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Six Cent Lincoln U.S. Bank Note Identification Guide

National Bank Note Company
No secret mark 

US 137 and 148 - There is no extra shading in the lower ribbon, below "SIX". Note that the color is a much richer, brighter shade of carmine than the later Continental printings. 

Continental Bank Note Company
Secret Mark

US 159, 186 and 208 - Four lines of  shading have been reinforced in the lower ribbon, below "SIX". Note that the color is a much duller shade of carmine than the National printings and the impression is generally weaker (except on the re-engraved 208). 


American Bank Note Six Cent - US 186 Vs 208

Side-by-side comparison of the 6¢ American Bank Note of 1879 (left) Vs the 6¢ Re-engraved stamp of 1882. Note the thicker, duller color of the re-engraved stamp.

A blow-up of the distinguishing areas of the 6¢ of 1879 (left) Vs the 6¢ Re-engraved stamp of 1882. There are three distinct lines on the re-engraved stamp at right and four indistinct lines on the stamp at left. All 208s will have this feature and the lines will be distinct.

Follow these steps in the identification of your six cent Bank Note:

Determine the type of paper the stamp was printed on, if it was printed on the "hard white" paper it is either a National or Continental printing. The National printings can often be separated by color alone, the color is quite a bit more vivid in general than the Continental and American printings. The stamp at the top of this page is the National Bank Note Printing, US 148. Compare the color with the US 186 in the diagram below it. The stamp should also be checked for the "secret" mark. If the stamp was printed on the "hard white" paper and does not have the "secret mark", it was printed by the National Bank Note Company. If the stamp has a grill, it may be US 137. If it does not have a grill it is US 148. Care must be taken when authenticating the grill. Many fake grills have been added over the years in an attempt to increase the value of the stamp. If you suspect your six cent National stamp has a grill, you must have it certified.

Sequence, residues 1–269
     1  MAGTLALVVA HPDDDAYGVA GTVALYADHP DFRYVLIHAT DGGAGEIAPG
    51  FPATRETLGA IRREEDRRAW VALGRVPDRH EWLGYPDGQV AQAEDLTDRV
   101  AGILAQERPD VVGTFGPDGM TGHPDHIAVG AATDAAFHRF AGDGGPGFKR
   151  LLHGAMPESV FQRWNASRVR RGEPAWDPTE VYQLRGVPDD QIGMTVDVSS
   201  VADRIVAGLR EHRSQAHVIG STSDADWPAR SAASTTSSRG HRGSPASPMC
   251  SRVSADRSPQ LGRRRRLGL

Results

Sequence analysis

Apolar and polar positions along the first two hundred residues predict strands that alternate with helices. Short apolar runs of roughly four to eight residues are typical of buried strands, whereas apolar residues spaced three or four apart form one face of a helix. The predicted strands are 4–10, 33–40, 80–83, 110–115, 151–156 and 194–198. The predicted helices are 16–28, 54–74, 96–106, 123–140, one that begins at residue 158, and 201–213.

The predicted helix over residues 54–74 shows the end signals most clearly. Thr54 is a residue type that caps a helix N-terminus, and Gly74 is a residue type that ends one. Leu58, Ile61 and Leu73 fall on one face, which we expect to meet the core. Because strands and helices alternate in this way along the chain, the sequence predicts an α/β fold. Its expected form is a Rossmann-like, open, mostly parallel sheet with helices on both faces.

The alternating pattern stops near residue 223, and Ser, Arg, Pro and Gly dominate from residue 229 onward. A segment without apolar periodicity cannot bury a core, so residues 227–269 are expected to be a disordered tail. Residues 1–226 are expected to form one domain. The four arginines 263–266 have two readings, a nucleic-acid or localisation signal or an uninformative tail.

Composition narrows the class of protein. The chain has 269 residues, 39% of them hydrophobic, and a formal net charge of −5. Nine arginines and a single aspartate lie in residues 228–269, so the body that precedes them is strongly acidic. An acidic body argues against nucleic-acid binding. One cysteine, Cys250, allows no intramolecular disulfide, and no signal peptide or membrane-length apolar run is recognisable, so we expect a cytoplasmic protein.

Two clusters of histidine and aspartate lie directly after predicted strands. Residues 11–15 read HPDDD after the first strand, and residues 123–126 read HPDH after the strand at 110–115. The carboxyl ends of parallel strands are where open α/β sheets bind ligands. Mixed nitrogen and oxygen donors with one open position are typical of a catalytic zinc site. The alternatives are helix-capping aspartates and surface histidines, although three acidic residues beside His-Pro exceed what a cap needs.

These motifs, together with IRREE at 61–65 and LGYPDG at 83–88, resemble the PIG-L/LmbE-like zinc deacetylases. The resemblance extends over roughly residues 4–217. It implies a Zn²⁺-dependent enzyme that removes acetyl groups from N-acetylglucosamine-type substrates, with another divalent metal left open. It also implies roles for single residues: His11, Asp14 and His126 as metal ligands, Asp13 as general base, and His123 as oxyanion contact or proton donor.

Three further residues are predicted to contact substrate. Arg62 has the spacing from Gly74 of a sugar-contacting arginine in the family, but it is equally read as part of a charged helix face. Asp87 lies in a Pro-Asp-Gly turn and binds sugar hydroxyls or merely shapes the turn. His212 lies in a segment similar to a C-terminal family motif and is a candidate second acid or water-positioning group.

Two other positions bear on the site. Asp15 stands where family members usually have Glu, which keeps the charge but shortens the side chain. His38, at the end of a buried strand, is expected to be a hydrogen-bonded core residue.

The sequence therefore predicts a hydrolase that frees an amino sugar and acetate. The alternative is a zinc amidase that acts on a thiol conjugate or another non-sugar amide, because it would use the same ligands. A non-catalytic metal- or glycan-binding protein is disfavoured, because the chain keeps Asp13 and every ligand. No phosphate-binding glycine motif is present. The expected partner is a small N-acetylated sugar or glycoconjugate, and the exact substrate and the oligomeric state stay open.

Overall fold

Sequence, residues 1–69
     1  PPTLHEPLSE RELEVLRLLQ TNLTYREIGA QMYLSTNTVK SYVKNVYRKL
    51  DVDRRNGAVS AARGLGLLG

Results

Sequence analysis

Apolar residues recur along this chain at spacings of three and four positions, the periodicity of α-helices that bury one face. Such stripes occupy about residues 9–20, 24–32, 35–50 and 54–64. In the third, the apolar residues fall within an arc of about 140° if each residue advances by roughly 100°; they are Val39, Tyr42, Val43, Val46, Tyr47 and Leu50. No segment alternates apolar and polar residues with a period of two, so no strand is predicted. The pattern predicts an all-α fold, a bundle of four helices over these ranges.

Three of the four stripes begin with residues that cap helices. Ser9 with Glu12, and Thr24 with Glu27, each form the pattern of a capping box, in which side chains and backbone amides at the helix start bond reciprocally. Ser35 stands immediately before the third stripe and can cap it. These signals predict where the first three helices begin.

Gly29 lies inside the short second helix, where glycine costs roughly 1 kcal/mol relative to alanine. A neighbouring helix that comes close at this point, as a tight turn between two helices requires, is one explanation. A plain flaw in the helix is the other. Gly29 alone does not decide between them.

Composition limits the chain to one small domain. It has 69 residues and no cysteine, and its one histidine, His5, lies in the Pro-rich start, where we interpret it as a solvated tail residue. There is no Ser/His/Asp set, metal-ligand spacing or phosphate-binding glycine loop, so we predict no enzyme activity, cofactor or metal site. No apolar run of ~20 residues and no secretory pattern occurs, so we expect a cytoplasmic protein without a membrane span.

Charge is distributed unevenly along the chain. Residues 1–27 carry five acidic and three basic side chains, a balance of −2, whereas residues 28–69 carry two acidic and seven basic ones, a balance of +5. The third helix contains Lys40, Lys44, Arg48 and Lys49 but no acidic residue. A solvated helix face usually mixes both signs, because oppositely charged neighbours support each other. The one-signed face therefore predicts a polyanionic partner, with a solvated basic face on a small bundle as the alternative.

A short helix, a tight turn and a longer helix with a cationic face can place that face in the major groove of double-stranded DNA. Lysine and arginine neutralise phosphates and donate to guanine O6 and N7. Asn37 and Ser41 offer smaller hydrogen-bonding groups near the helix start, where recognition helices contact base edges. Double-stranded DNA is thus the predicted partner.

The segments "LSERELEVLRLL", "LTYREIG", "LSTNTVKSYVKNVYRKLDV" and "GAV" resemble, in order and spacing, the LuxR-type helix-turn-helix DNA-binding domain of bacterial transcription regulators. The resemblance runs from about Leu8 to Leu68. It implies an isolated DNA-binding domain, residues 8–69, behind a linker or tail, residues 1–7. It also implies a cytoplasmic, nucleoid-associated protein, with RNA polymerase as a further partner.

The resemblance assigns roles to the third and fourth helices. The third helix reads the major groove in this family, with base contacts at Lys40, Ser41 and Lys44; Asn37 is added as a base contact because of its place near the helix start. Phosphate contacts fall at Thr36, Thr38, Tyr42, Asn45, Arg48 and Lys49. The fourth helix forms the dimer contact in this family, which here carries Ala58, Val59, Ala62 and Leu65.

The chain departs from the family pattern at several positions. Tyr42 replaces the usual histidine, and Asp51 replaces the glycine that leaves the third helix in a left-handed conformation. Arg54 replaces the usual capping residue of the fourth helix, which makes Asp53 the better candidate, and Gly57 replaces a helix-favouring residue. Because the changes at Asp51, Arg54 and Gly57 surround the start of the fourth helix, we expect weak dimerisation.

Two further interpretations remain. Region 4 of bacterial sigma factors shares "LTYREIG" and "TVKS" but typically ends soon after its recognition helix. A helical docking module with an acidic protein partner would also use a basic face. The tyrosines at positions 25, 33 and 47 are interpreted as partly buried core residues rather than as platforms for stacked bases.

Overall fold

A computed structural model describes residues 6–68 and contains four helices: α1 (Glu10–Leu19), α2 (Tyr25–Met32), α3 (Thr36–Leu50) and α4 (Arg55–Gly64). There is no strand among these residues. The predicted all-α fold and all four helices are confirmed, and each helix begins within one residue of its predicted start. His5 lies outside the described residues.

If the stamp was printed on the "hard white" paper and does have the "secret mark", it was printed by the Continental Bank Note Company and is US 159

If the stamp was printed on the "soft porous" paper, it is an American Bank Note printing. Compare the number of lines in the panel as shown in the illustrations above to determine the US number. The lines in the panel must be distinct for the stamp to be a US 208. Be sure to note the muddy color of the US 208.

If you are unsure of the type of paper used or the secret mark, you MUST assume that the stamp is the more common variety. If the stamp is unused and has at least partial gum, it should be certified to ascertain the type, since the value of the stamp will in most cases far out weigh the cost of certification.

Watch for re-perforation (to fake a more well-centered stamp), for re-gumming (a major problem with the Bank Notes), and even for bleaching of the cancellation (to remove the cancel). Unused copies carry a substantial premium over the used stamp.

We include the "Special" printings in this identification guide merely for completeness. Only 185 copies, total, of US 170 and 195 were sold, and they were never issued for postal use, rather for collectors only. We occasionally see uncertified copies of these stamps offered for sale at ridiculously low prices. You can rest assured that the stamp being offered is not genuine. These stamps are so rare, only 65 copies are known, they seldom come up for sale, except in the sale of a major U.S. Collection. 



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